A dark and intense tale of manipulation that is bound to get under the readers skin
“After being confessed to by both Haruma and Touya, Yoh’s heart is in turmoil. Meanwhile, Wakana, showing her true colors, reveals her plan to trap Yoh…? In an amusement park where each of their expectations clash, what will Yoh decide!? The story reaches a new stage with the conclusion of Wakana’s arc!” (Yen Press)
*This review contains spoilers, please read our review of Volume 1 for initial, spoiler-free impressions on this series.
Over the course of the series, “Love and Heart” has proven to be a purposely uncomfortable experience as protagonist Yoh has been gaslighted and lied to by everyone around her. It is a life of continuous manipulation, as the tragic heroine plays an object of obsession to those who feel impowered from bending her will in their favor. The fourth volume, certainly, marks the most devious of manipulations that finally lands Touya in a relationship with Yoh. Things certainly get uncomfortable, yet, the title further establishes itself as a psychological nightmare comparative to the most twisted romances to have ever graced the pages of manga.
At the same time, this release reaches a pivotal turn as Touya destroys the life of Wakana by shuttering her popular reputation, Haruma’s confession of love goes unanswered, and one of Yoh’s best friends reveals her own evil ploy hidden behind a fake ditzy persona. Touya may have won the heart of Yoh in this volume, but there are multitude of open conflicts that elude to the book’s gripping and disquieting narrative continuing to escalate. Chitose Kaido excels at the building drama, and the constant sense of unease at malicious mind games has not abated since the inaugural release. If anything, the scaling sense of dread of what may happens to Yoh shows a mangaka who revels in playing with the readers emotions.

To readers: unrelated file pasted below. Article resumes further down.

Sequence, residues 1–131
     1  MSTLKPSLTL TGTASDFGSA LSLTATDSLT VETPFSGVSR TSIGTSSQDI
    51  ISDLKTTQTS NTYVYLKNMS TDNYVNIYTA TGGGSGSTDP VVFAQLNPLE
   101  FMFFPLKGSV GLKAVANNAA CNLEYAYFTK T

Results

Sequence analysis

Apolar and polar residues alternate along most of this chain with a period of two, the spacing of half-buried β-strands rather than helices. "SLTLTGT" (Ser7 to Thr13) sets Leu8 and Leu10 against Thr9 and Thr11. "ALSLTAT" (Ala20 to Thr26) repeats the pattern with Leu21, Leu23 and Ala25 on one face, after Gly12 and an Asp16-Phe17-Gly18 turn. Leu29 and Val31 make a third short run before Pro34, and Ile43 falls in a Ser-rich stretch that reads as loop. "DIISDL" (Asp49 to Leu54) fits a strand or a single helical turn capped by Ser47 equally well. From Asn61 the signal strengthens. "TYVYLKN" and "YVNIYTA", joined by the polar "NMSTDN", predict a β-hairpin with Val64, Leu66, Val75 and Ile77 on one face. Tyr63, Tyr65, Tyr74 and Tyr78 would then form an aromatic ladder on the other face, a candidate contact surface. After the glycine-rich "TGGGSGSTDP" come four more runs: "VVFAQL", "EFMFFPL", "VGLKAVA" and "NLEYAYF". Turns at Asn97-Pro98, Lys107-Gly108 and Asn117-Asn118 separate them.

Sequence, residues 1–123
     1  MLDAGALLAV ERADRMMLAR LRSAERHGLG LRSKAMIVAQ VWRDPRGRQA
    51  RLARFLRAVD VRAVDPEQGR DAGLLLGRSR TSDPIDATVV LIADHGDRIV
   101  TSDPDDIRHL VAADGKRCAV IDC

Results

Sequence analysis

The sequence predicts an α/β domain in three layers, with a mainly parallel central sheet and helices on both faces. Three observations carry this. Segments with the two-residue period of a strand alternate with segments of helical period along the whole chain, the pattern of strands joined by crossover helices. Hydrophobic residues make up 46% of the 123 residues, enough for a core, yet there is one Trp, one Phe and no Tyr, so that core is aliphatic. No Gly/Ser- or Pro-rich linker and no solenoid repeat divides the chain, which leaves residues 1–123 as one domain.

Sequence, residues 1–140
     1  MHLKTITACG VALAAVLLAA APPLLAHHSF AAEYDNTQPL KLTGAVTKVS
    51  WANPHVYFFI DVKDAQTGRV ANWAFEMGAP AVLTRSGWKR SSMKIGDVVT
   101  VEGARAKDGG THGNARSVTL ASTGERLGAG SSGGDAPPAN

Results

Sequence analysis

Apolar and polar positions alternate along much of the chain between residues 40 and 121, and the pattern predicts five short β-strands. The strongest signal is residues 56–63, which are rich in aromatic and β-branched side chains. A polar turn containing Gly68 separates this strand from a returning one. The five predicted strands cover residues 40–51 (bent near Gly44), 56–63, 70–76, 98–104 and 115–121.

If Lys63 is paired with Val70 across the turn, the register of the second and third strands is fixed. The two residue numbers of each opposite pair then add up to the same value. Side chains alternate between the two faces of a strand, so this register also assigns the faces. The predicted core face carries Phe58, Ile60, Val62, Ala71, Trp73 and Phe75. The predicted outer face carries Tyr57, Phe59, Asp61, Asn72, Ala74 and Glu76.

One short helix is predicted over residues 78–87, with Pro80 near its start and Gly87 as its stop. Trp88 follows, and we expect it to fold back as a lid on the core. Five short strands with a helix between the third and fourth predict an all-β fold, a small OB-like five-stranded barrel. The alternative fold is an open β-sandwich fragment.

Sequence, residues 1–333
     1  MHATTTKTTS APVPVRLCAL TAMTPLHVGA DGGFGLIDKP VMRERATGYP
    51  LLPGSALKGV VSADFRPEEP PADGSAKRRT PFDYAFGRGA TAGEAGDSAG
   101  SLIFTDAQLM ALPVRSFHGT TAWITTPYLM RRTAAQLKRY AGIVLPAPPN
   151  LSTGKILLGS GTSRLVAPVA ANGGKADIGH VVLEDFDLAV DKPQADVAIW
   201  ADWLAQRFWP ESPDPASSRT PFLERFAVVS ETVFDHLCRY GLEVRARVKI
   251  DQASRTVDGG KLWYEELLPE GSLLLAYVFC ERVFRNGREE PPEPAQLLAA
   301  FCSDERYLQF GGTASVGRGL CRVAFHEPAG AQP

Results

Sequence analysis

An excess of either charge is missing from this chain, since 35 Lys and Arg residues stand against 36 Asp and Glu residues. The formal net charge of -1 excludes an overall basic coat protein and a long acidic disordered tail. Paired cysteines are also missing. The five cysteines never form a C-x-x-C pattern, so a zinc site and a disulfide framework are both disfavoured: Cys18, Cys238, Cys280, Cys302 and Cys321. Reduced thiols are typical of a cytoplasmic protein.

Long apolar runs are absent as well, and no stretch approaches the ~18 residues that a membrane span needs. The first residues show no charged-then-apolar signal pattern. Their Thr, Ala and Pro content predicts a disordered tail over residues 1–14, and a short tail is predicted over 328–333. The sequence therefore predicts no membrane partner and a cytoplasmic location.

Visually, the work sees subtle changes in the artistic vision as it shows Yoh and Touya entangled romantically, yet the presentation stays consistent with previous releases. Notably, Kaido excels in conveying expressive characters and capturing intimate moments – the art pushing the emotionally fueled narrative perfectly. As mentioned in previous reviews, the lack of double spread panels to really highlight the artistic skill of Kaido feels slightly amiss, though this is more want for a ‘good thing’ versus a deterrent from the overall experience.
Whenever a new volume of “Love and Heart” is released, I find myself gravitating to the title over others. It is apparent why when the build-up in the series outdoes itself with each release, along with the (possibly morbid) fascination to see the deep web of deceit that is slowly sucking Yoh in. The book is about as dark and intense as you can get, with manipulation and disregard for fellow humans being part for the course. If that is your thing, every moment of “Love and Heart” will be sure to please.